32 review for From Botswana to the Bering Sea: My Thirty Years With National Geographic

  1. 4 out of 5

    Naomi

    Interesting read. Canby worked for The National Geographic in different capacities during a career that spanned 30 years. Only thing I disliked about this memoir, is how often he talks about how lucky he is to have worked for The National Geographic. I agree that he is lucky, and that he is obviously talented to first get and then hold on to such a job, but it seemed unnecessary to repeat the same thing over and over again. Also, much of his writing and memories made him come across as cocky. Of Interesting read. Canby worked for The National Geographic in different capacities during a career that spanned 30 years. Only thing I disliked about this memoir, is how often he talks about how lucky he is to have worked for The National Geographic. I agree that he is lucky, and that he is obviously talented to first get and then hold on to such a job, but it seemed unnecessary to repeat the same thing over and over again. Also, much of his writing and memories made him come across as cocky. Of course, if I had the career he did, I may come across that way as well.

  2. 5 out of 5

    Deborah aka Reading Mom

    This book provides a fascinating account, not only of Mr. Canbys' years at National Geographic and his travels as a science writer for the journal, but also intriguing insights into the "behind the scenes" workings of the Society itself. For those of us who have grown up with the Geographic, learning how subjects for articles are chosen, the process involved in a project from start to finish, details regarding research, care taken of the field workers (shots, immunizations, medical treatment kit This book provides a fascinating account, not only of Mr. Canbys' years at National Geographic and his travels as a science writer for the journal, but also intriguing insights into the "behind the scenes" workings of the Society itself. For those of us who have grown up with the Geographic, learning how subjects for articles are chosen, the process involved in a project from start to finish, details regarding research, care taken of the field workers (shots, immunizations, medical treatment kits for the field), and much more little-known information makes this a super read.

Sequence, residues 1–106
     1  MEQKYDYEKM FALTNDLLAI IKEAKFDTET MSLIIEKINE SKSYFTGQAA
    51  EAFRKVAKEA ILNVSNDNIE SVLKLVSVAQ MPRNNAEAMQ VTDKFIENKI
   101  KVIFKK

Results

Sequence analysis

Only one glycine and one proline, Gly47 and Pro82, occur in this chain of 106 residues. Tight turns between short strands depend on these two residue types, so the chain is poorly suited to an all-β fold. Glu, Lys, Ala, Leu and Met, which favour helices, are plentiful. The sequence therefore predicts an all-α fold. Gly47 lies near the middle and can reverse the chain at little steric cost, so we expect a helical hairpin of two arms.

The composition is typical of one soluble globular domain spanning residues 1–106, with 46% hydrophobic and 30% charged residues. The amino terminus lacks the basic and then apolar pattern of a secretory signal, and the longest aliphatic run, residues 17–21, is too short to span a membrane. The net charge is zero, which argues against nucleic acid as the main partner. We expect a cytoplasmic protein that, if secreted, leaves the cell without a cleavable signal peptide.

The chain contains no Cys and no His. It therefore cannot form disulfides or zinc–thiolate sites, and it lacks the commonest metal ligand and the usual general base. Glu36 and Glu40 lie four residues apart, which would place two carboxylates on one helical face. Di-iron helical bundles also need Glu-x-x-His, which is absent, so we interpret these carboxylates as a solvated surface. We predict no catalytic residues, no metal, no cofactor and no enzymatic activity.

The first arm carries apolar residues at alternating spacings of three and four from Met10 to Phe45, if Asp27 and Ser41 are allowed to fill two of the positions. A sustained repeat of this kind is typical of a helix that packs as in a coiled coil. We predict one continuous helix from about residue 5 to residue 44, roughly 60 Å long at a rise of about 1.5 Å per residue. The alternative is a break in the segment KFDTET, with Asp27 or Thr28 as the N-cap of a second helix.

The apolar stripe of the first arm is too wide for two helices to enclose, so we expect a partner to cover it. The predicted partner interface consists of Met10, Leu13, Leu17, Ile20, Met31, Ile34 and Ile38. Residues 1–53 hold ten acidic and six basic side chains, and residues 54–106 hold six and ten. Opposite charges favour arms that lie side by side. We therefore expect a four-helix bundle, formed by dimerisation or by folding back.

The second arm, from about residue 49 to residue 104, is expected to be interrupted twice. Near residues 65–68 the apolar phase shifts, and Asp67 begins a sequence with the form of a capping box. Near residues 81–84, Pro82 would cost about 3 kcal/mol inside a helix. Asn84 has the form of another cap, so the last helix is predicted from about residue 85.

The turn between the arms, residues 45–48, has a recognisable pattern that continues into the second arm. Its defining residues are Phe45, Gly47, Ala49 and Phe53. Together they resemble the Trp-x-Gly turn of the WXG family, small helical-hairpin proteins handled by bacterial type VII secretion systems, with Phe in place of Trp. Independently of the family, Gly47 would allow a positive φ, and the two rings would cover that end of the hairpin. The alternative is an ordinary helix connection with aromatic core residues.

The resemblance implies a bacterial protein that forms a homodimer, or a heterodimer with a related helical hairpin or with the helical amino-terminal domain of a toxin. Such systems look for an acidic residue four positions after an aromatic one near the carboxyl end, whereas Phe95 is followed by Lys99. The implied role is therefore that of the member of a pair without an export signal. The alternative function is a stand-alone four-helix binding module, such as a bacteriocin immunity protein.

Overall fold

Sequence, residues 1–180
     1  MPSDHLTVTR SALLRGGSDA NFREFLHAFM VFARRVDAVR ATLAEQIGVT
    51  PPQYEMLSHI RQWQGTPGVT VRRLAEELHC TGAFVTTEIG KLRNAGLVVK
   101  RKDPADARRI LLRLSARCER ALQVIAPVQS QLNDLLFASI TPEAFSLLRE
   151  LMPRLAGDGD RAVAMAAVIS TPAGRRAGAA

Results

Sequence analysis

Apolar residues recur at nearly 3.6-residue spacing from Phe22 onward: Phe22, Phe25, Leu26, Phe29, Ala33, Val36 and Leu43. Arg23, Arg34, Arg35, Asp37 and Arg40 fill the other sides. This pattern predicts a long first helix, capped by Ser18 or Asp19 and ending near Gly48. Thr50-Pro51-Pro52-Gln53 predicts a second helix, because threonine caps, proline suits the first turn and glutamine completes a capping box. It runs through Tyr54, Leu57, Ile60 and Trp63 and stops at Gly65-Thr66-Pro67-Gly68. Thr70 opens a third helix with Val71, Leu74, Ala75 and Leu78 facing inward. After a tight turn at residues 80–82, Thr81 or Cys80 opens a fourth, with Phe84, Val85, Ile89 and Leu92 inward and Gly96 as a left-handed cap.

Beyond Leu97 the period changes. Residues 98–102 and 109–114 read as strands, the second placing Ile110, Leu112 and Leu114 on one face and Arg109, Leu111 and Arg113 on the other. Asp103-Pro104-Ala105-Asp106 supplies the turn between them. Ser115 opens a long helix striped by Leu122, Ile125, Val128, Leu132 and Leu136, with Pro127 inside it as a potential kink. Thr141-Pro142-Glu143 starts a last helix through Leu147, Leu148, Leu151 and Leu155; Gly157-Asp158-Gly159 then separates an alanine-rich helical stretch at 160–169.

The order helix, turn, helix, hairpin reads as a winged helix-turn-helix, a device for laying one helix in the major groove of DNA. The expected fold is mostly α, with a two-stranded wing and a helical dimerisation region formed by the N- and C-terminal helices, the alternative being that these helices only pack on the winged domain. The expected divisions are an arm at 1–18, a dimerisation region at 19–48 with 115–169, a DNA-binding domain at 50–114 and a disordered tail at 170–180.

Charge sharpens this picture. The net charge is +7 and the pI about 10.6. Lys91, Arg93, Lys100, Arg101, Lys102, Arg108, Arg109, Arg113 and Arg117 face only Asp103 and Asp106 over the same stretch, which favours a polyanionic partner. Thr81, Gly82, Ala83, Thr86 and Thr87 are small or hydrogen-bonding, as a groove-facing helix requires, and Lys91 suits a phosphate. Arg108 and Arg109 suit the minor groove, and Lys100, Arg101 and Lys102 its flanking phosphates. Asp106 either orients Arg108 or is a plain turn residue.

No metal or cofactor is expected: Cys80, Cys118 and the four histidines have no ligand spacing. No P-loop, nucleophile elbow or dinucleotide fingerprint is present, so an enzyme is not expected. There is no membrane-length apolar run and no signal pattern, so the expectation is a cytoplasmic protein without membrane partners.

3. 5 out of 5

    Robin Mandell

  4. 4 out of 5

    Tearsurfjoy

  5. 5 out of 5

    Matt Smith

  6. 4 out of 5

    Jessica

  7. 4 out of 5

    Jeanne Prinsloo

  8. 5 out of 5

    Jo

  9. 4 out of 5

    Michael Boerm

  10. 5 out of 5

    Jarda Kubalik

  11. 4 out of 5

    Michael Boerm

    Great adventure read.

  12. 5 out of 5

    Stephanie

  13. 5 out of 5

    Bin

  14. 4 out of 5

    Pete

  15. 5 out of 5

    Susan

  16. 4 out of 5

    Joyce Fetterley

  17. 5 out of 5

    Rick Hammond

  18. 5 out of 5

    Bernadette Keane

  19. 5 out of 5

    Brian Mcmorrow

  20. 5 out of 5

    Connie

  21. 4 out of 5

    Siddartha

  22. 5 out of 5

    Chieko

  23. 4 out of 5

    Lindis

  24. 5 out of 5

    Lenora

  25. 5 out of 5

    Miriam

  26. 4 out of 5

    C Fryberger

  27. 5 out of 5

    Yoko

  28. 5 out of 5

    Ashley

  29. 4 out of 5

    Vinayak Hegde

  30. 4 out of 5

    Ras Salassie

  31. 5 out of 5

    Irene

  32. 5 out of 5

    Robin